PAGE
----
As people make their way deeper into the Art Gallery of Ontario’s current Revealing the Early Renaissance exhibit they find among the more than 700-year-old art works a masterpiece of sorts of the 21st century.
Using a tablet device to call up images and data at the swipe of a finger is common place these days, but even if the iPad were introduced five years ago it would still have been a challenge for the AGO to mount a similar interactive mobile display.
“Prior to our reconstruction in 2008, the AGO’s IT system was a mixture of various cabling and network appliances from HP, Linksys, Cisco, Netgear and Dell,” according to Virginia Vuleta, director of digital services for the gallery. “Our IT team had a hard time managing it because each component was from a different vendor and there was no way to manage the network centrally.”
There were times when the network would work well and then suddenly fail. “Often, IT personnel would have to go through devices one-by-one,” said Vuleta. ”If we were mounting an interactive mobile display like we have today, technicians would have to go through each tablet every day to connect it to the network.”
Five years ago AGO contracted Hewlett-Packard to help it rebuild its network. The system also supported AGO’s unique Wi-Fi requirements for personnel communication devices and mobile audio devices for visitors.
Of all the changes, Vuleta is especially glad about the HP’s Windows-based HP PCM+ management software that provides her IT team a centralized management, mapping, configuration and device monitoring console to remotely keep track of devices attached to the network.
This in essence, is what HP’s software-defined networking (SDN) strategy aims for, according to Peter Galanis, HP Canada’s managing director and vice-president of its enterprise group.
“SDN will automate many tasks associated with running a network and it will enable administrators to provision network components remotely through a set of policies,” he said, during HP’s SDN presentation at the AGO.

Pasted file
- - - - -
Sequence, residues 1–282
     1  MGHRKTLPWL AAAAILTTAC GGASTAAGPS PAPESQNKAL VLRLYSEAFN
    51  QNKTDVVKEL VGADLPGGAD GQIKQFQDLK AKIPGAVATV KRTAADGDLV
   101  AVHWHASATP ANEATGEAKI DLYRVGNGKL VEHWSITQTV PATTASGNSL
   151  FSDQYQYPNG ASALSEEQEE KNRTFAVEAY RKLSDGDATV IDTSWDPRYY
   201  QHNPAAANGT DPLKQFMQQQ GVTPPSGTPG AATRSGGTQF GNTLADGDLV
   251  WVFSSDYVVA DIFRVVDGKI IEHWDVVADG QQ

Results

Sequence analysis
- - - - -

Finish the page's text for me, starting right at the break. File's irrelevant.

The AGO success, is what HP hopes to accomplish for other Canadian organizations with its software-defined-network strategy for managing both wired and wireless devices connected to the corporate network.
“The message we want to get out there to Canadian businesses is that HP has the networking equipment and applications to help them simplify the management of their BYOD implementation,” said Craig Hinkley, VP and general manager for HP networking in the Americas. “We want to let them know we can help them cut their unified communication costs.”
With the growing pressure on IT departments to connect employee-bought devices to the corporate network the BYOD trend has introduced new device management issues, he said.
“Administrators need to know which devices are connected to the network, what are they doing and what are they accessing,” Hinkley said. “At the same time they need to be able to access these devices remotely to either roll out applications and services or to block the device.”
Last year, HP provided a sneak peek into its software-defined networking (SDN) strategy with the announcement of place to release an SDN Controller in the second half of 2013.
HP is also part of a group which includes the likes of Cisco Systems, Big Switch Networks, Brocade Communications, Citrix, Juniper Networks and Microsoft, that is working on the OpenDaylight Project which aims to develop an open source framework to help define the future of an open SDN platform.